Why dynamic languages are not cool

Some people love dynamic languages. I don’t. This last week, I found one more reason for it. I might be a bit biased because I love Scala, but lets go for it.

A project I started maintaining a few weeks ago is written in python. I don’t know much python yet, so there is this fact in and by itself. And I must say I’m liking the language. Now, the fact that it is dynamic has already bitten me at least twice.

In one of those, I was trying to understand why a test I just wrote was not working. It was as if one line was being simply ignored… Well, looks like I discovered by accident that I can call methods that doesn’t exist, at least on some objects or classes. I had a misspelled method name. As soon as that was fixed, everything worked fine. Half an hour lost with a problem that the compiler / interpreter should really warn me about.

The other case was a property in an object that simply disappeared. At a certain point in a function, it was there. A few lines later, in the SAME function, it was not anymore. At least this time it was simple to find the problem: a reassignment was being made, which was changing the type of the object.

Again: changing the type of the object. With an assignment. Yes, from a static language lover, this just feels absurd. There is no way this was going to happen in a statically typed language.

Lets end this rant on a positive note. I am liking python. Still, I would like it much more if it was statically typed.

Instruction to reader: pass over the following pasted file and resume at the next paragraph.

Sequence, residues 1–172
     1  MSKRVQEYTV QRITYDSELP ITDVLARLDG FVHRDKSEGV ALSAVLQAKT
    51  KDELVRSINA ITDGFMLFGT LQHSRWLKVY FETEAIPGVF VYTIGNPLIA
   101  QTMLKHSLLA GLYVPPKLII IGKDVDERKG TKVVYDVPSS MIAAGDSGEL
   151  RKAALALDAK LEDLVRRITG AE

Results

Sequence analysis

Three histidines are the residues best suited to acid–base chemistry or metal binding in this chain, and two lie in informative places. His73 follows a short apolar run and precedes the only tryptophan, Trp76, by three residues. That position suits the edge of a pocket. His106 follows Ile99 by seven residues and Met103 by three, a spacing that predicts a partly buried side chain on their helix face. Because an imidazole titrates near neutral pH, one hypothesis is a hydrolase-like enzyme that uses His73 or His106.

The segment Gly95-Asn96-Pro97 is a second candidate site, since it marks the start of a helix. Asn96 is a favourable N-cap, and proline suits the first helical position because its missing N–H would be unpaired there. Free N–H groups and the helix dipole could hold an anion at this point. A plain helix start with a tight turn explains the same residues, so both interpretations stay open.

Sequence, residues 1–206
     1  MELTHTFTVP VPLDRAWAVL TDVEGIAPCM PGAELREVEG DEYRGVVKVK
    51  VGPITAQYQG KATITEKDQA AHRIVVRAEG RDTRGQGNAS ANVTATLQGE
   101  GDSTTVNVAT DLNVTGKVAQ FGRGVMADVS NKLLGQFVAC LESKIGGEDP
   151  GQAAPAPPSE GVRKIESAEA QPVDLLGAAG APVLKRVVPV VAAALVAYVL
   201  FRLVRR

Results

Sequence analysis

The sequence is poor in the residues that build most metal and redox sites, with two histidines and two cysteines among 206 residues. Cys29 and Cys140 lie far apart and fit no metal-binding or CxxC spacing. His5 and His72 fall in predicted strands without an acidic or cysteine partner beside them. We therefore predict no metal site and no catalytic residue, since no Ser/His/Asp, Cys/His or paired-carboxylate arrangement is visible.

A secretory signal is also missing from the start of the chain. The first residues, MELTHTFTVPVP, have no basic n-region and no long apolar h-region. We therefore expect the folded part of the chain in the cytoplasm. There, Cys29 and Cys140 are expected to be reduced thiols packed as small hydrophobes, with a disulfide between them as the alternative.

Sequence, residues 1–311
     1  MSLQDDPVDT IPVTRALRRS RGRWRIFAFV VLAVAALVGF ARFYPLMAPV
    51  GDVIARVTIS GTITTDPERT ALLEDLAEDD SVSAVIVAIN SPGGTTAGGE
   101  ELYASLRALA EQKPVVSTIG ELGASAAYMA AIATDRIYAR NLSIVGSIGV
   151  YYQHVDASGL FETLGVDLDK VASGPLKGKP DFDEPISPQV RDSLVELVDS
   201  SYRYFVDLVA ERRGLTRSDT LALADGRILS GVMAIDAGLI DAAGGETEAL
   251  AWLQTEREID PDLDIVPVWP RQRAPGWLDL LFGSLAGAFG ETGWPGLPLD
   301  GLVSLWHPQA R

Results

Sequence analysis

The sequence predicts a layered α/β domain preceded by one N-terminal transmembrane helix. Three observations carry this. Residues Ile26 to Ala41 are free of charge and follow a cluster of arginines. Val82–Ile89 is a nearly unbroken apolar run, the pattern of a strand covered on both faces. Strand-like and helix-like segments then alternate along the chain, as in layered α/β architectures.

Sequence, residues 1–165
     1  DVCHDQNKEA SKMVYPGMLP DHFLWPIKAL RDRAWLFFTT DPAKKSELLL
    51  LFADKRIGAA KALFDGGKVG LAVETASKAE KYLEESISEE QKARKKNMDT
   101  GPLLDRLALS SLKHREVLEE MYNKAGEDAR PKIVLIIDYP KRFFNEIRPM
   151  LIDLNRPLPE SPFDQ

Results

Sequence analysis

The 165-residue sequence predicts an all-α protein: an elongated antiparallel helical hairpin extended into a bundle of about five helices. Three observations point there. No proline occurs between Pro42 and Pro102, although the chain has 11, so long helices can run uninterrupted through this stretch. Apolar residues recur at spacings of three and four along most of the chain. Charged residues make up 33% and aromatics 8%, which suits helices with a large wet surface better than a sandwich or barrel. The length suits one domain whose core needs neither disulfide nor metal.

By the way, we are going to have a new scaladores meeting in Sao Paulo on Feb. 23th. If you are in the region by then, please stop by. More information (portuguese) here.

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2 Responses to Why dynamic languages are not cool

  1. Pedro says:

    Hey Paulo,

    >Again: changing the type of the object. With an assignment. Yes, from a static language lover, this just feels absurd. There is no way this was going to happen in a statically typed language.

    That is the definition of dynamic typing. Assigning different types to the same variable during runtime. It’s not a disavantage per se, it’s a different design.

    However, you’re confused about scala typing. Scala is statically typed, the only particular aspect is that the type is inferred by the compiler.

    • Well… I really like the compiler helping me like…. a compiler! 🙂

      Now, what do you mean about I’m confused about scala typing? I’m not talking about scala in this post. This post is basically a rant based on experience maintaining a python project.

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